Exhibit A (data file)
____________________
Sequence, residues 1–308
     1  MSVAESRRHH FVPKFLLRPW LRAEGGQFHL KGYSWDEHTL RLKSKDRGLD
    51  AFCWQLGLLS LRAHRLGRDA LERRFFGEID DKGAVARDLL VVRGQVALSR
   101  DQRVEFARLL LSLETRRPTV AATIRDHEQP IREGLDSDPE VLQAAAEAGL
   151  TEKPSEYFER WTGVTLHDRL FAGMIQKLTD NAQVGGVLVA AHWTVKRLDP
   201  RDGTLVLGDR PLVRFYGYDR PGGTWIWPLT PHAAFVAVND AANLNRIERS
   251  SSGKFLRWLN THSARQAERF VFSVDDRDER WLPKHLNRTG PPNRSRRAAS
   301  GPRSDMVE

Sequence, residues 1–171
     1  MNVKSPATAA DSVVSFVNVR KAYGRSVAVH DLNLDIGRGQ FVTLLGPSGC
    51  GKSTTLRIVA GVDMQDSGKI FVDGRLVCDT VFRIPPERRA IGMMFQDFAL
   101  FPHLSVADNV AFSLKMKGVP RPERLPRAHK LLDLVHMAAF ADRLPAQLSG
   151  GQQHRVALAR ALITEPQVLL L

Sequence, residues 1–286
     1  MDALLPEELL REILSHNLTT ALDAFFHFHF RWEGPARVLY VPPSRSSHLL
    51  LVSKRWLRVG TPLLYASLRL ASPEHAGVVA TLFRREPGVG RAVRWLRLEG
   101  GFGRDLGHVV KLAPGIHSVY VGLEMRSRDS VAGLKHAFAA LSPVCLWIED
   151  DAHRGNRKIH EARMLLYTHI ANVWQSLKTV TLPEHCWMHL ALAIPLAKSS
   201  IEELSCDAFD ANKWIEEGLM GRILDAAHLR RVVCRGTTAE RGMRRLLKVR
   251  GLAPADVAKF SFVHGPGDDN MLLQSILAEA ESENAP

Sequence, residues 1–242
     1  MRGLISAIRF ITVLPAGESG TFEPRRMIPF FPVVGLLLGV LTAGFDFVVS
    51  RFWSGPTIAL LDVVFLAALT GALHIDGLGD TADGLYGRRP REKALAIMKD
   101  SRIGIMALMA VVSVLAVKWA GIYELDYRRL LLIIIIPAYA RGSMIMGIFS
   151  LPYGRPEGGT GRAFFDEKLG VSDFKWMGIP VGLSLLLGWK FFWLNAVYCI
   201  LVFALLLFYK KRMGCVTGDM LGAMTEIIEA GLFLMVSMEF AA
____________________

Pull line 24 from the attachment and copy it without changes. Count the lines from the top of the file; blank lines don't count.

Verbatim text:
   101  SRIGIMALMA VVSVLAVKWA GIYELDYRRL LLIIIIPAYA RGSMIMGIFS